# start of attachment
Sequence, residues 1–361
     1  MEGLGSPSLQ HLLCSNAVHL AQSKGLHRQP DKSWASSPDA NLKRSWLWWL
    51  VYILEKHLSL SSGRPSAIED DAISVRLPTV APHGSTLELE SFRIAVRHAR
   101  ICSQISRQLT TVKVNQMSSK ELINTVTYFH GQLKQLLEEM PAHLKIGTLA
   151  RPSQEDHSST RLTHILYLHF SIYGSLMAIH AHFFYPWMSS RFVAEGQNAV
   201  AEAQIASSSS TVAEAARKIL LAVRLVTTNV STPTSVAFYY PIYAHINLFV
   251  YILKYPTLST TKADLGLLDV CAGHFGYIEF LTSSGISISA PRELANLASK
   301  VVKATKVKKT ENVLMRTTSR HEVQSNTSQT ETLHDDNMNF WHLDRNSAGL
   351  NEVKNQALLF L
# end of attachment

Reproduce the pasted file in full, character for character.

Sequence, residues 1–361
     1  MEGLGSPSLQ HLLCSNAVHL AQSKGLHRQP DKSWASSPDA NLKRSWLWWL
    51  VYILEKHLSL SSGRPSAIED DAISVRLPTV APHGSTLELE SFRIAVRHAR
   101  ICSQISRQLT TVKVNQMSSK ELINTVTYFH GQLKQLLEEM PAHLKIGTLA
   151  RPSQEDHSST RLTHILYLHF SIYGSLMAIH AHFFYPWMSS RFVAEGQNAV
   201  AEAQIASSSS TVAEAARKIL LAVRLVTTNV STPTSVAFYY PIYAHINLFV
   251  YILKYPTLST TKADLGLLDV CAGHFGYIEF LTSSGISISA PRELANLASK
   301  VVKATKVKKT ENVLMRTTSR HEVQSNTSQT ETLHDDNMNF WHLDRNSAGL
   351  NEVKNQALLF L